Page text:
Although Prime Minister Erdoğan refrained from mentioning Israel, he did bring up Palestine by explaining that he continuously draws attention to the Palestine issue because they are 'relatives' he said, calling Palestinians brothers. "At the same time, and I want to underline this fact; we perceive the Palestine issue to be the most significant threat to peace and stability in the region and therefore we constantly draw attention to the matter.
One the one hand innocent people, regardless of whether they are babies, children, women the elderly, are being bombed form the air, massacred in masses, they are being kept in the world's largest open-air prison. Meanwhile, at the same time, rage is being pumped into the entire region."


The World Economic Forum Middle East, North Africa and Eurasia Summit, which will run until June 6th in Istanbul, is a first in the 42 year history of the organization which was formed in Geneva, Switzerland in 1971 for encompassing the widest geographical region. With 1,100 participants from 70 different countries, 50 of which are expected to participate with the highest level state representatives, the Istanbul World Economic Forum Summit opened on Tuesday with an address by Prime Minister Erdoğan.

Erdoğan receives open invitation to Davos

In Istanbul to attend a Davos-level international regional summit on the Middle East, North Africa and Eurasia, Stephen Kinnock, the director of the Europe and Central Asia region for the World Economic Forum spoke before the start of the two-day summit. "The continuation of our relations with Turkey is of utmost importance for us. It would be nice to see Turkey represented at the highest level once again."

Kinnock went on to offer an open invitation to Prime Minister Recep Tayyip Erdoğan, who during the 2009 World Economic Forum in Davos, Switzerland, walked away from the panel stating "Davos is over for me." Stating that the 'One Minute' crisis in Davos needs to be put behind us, Kinnock said, "Yes, the 'One Minute' incident did take place, however now we are moving on. Turkey is very important for us and we are happy to be here again. This World Economic Meeting in Istanbul is the best symbolic indicator that we have the right dialogue with the Turkish government."


Pointing out that due to the reforms of recent years, Turkey's economy has become increasingly resilient, Kinnock stated, ''Turkey has gone through a great transformation in recent years. Ten years ago the inflation rate was incredibly high. People witnessed all of their savings vaporize in an instant.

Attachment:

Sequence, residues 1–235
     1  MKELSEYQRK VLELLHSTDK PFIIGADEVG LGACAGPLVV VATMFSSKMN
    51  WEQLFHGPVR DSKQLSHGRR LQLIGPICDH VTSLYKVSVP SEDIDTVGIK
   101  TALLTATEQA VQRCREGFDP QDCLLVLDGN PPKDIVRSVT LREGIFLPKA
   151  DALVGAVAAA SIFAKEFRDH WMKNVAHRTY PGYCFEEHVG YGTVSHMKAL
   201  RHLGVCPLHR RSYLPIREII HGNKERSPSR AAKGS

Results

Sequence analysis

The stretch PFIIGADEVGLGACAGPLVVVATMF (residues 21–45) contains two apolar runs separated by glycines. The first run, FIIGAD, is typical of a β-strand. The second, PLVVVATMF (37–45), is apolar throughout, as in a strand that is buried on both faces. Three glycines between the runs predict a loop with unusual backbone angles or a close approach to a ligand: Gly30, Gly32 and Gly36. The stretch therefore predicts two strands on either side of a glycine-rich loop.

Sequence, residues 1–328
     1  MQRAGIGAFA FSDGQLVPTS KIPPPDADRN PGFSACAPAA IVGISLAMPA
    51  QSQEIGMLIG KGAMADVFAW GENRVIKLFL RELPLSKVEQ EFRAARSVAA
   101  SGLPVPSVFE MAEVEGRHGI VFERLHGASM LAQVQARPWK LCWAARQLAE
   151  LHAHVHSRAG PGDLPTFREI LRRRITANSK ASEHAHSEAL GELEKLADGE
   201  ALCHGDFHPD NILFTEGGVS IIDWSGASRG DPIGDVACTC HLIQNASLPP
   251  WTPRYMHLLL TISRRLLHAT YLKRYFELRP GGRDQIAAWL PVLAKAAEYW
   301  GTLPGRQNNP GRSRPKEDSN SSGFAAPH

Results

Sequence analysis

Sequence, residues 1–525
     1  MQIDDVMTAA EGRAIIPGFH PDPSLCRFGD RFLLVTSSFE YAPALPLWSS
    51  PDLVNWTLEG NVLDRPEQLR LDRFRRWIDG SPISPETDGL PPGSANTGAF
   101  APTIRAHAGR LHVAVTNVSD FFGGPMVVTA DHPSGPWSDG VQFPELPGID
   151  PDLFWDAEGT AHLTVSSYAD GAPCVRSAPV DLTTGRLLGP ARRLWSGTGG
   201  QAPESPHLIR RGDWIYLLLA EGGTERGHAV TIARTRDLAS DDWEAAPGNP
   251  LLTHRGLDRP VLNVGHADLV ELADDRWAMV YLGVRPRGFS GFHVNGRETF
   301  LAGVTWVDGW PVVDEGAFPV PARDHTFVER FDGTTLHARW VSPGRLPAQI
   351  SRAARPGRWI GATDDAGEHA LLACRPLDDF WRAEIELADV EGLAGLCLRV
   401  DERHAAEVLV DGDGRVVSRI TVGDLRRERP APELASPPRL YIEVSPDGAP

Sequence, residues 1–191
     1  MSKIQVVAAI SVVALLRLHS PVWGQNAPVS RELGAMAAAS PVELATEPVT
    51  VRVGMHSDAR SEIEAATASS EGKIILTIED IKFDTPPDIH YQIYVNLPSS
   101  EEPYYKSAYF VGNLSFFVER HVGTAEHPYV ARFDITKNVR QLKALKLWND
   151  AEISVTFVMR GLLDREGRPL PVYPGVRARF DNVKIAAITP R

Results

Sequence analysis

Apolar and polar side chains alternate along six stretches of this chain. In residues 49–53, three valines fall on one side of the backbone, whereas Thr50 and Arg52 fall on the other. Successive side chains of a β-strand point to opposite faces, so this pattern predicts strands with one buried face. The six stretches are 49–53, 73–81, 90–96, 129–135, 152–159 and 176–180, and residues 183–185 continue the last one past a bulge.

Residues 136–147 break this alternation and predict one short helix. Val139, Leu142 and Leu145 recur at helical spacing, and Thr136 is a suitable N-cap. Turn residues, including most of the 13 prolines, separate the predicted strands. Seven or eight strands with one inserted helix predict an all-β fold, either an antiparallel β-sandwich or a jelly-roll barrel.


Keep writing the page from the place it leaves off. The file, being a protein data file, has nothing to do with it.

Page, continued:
There was an unbelievable huge imbalance in the financial system. We have seen that in the past decade Turkey's economy management has taken some very radical measures. Meanwhile, political stability has also been established. Turkey's foundation is extremely solid and its economic appearance and financial structure is well in place.''

Emphasizing that Turkey needs to be prepared for risks derived from the Euro Zone, Kinnock went on to state, ''There are two issues of concern in terms of Turkey's economic outlook. One is the fact that Turkey continues to deliver a significant amount of imports to Europe. How Turkey will be affected by a drop in demand from Europe is a significant issue. Turkey will need to show resilience. The other issue is the current account deficit and energy imports. We will be discussing these issues as well as Turkey's likely strategy in sessions held in Istanbul."


Commenting on the issue of liquidity that could surface in Europe as a result of the deepening crisis, Kinnock said, "There is a large amount of liquidity in Europe. There is a four trillion Euro fund capacity that could be tapped into should the Europe Central Bank face a liquidity issue. The real problem is the fact that people in Europe are extremely cautious. Rather than liquidity, the issue is more closely related to the fact that trust in the markets has dropped. Certain countries especially are acting extremely cautious. The steps Europe takes in this crisis will hold much significance.